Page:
In May 2016, we posted a blog on “How Many Researchers” NIH supports. We cited the findings of a University of Wisconsin workshop, which concluded that the biomedical research enterprise suffers from two core problems: too many scientists vying for too few dollars and too many post-docs seeking too few faculty positions. We also noted that NIH leadership and others were increasingly interested in describing the agency’s portfolio not only in terms of the numbers of awards and dollars (as we do each year in our “By the Numbers” reports), but also in terms of the numbers of researchers those awards support. Today we show updated figures on how many researchers are vying for NIH support and how many are successful. Continue reading
We recently released our annual web reports, success rates and NIH Data Book with updated numbers for fiscal year 2017. Looking at data across both competing and non-competing awards, NIH supports approximately 2,500 organizations. In 2017 about 640 of these organizations received funding for competing Research Project Grants (RPGs) which involved over 11,000 principal investigators. Continue reading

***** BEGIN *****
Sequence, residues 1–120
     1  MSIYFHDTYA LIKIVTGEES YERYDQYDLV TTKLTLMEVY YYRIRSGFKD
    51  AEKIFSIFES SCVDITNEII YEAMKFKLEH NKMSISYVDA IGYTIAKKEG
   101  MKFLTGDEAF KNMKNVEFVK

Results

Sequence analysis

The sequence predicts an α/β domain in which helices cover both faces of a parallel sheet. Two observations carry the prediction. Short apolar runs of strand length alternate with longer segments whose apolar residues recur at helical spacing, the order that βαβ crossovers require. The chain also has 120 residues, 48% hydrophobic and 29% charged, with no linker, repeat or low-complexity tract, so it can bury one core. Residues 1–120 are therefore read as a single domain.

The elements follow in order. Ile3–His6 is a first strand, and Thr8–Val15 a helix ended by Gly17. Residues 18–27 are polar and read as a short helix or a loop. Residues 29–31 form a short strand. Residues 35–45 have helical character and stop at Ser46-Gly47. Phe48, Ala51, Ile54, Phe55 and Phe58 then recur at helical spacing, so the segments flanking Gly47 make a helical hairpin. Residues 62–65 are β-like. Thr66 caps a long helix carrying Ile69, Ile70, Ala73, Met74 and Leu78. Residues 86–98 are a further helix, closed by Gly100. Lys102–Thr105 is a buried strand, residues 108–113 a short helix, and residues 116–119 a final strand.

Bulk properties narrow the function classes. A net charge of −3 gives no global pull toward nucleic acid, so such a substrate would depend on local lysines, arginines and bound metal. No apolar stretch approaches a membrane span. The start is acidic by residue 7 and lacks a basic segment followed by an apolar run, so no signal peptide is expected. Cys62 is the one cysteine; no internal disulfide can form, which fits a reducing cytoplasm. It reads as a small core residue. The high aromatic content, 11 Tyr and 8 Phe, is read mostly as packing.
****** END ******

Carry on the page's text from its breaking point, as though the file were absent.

To capitalize on the opportunities presented by advances in data science, the National Institutes of Health (NIH) is developing a Strategic Plan for Data Science. This plan describes NIH’s overarching goals, strategic objectives, and implementation tactics for promoting the modernization of the NIH-funded biomedical data science ecosystem. As part of the planning process, NIH has published a draft of the strategic plan, along with a Request for Information (RFI) to seek input from stakeholders, including members of the scientific community, academic institutions, the private sector, health professionals, professional societies, advocacy groups, patient communities, as well as other interested members of the public. Continue reading